A gin and tonic after a long day can be a soothing way to unwind, having some beers with some friends while you watch the game is good fun, and sampling wines at a winery can make for a romantic outing. Recently, we’ve even learned that drinking in moderation (approximately one drink a day) appears to be healthier than heavier drinking or even complete alcohol abstinence. Unfortunately, despite the pleasurable effects of healthy use of alcohol, frequent consumption is notorious for greatly increasing the likelihood of work burnout and depression. Physicians already battle heavy doses of stress from their profession and furthermore, we all know the health implications associated with after prolonged alcohol use. Members of the medical community are highly respected and assumed by most to abstain from risky behaviors involving alcohol. But…medical doctors are humans, too; they are not immune from addiction or mental issues. Despite physicians frequently warning their patients of the dangers of hitting the bottle, how many physicians don’t actually practice what they preach?
According to the Harvard Medical Publication, “1 in 10 physicians develop problems with drugs or alcohol at some point during their careers.”
Dr. Michael Oreskovich, a professor at the University of Washington in Seattle, surveyed 25,000 surgeons in 2012 about their lifestyles, habits, and work life to gain insight into the detailed use of alcohol by members of the medical community. The survey showed that about 14% of male surgeons and roughly 25% of female surgeons showed signs of possible alcohol problems (about 1/6th of surgeons.) The results of Oreskovich‘s research, showed that the participants that appeared to abuse alcohol, based on questions asked, were also 45% more likely to admit that they had made a large mistake at work within the past 3 months. Additionally, among the 722 that admitted to large error at work, 77% fell into the category of surgeons who showed signs of heavy alcohol use. However, his survey found that surgeons with children and “on-call” work schedules were less likely than others in the field to have issues involving alcohol. However, due to the fact the survey was so small, it is unclear how common drinking really is among surgeons. Additionally, on the other hand, the numbers may even be underrepresented due to the embarrassment physicians may feel admitting true drinking habits.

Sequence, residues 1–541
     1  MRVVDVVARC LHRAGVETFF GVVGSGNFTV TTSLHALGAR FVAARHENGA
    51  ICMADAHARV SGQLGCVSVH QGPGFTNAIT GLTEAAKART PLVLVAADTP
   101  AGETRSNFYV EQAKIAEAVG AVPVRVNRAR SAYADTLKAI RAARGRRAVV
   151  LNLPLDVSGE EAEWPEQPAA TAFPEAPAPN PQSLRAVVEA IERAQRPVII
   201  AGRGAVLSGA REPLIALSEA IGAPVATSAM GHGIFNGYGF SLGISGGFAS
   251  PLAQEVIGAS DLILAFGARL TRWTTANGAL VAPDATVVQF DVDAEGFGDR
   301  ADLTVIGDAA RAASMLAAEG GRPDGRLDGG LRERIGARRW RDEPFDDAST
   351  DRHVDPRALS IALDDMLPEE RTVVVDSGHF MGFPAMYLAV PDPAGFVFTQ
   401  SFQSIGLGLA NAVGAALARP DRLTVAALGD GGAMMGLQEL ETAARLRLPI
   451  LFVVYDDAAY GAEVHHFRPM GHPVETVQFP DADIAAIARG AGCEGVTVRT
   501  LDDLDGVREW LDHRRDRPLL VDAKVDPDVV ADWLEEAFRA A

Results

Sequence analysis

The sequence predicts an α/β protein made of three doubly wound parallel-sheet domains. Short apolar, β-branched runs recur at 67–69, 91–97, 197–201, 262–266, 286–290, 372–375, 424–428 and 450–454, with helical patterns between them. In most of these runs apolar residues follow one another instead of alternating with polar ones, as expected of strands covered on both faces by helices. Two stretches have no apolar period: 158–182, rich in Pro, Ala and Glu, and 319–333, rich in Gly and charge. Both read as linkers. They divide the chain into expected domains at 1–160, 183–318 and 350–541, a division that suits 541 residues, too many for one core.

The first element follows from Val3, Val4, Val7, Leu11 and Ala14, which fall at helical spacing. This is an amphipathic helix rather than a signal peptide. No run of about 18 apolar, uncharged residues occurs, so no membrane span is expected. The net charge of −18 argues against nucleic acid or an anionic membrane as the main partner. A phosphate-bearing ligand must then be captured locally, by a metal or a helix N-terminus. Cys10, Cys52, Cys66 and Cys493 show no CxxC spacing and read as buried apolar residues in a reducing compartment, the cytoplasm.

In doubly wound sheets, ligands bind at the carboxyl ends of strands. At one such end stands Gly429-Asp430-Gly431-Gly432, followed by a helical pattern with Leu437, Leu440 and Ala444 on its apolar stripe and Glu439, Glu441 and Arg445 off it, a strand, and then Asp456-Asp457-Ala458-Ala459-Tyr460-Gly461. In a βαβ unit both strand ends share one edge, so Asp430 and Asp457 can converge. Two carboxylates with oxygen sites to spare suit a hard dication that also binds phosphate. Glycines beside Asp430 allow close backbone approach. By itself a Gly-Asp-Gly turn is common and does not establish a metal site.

Despite the questionable accuracy of the results, it still conquers many worrisome questions. How many physicians abuse alcohol? How does alcohol affect medical professions?
Whats even more troubling from Oreskovich‘s study is that among the physicians who participated, the prevalence of drinking among surgeons was the highest compared to doctors in different specialties. Alcohol overuse can impair an individual’s physical and mental well-being, and for members of the medical community that have precision and tasks that involve heavy concentration. Alcohol overuse over a long period of time is known to cause nerve damage which may cause shaking of the hands. In a profession requiring procedures to be executed, steadiness is crucial. Therefore alcohol use among licensed surgeons is especially risky compared to careers in different specialties.
Another problem in the medical profession involving alcohol use is the reluctance of doctors to report themselves or colleagues. Fear of jeopardizing their career might account for the 2002 study released that found that although 95% of physicians claimed they would intervene if noticing an impaired co-worker, but only two-thirds admitted that they would do anything besides talking to them in private. Indicators of co-workers that may be struggling with alcohol abuse include common absences/missing deadlines, drinking a lot at work functions/on free-time, increased mood swings/irritability, and problems in home life such as marriage problems.
What would you do if you felt that a co-worker was battling with alcoholism?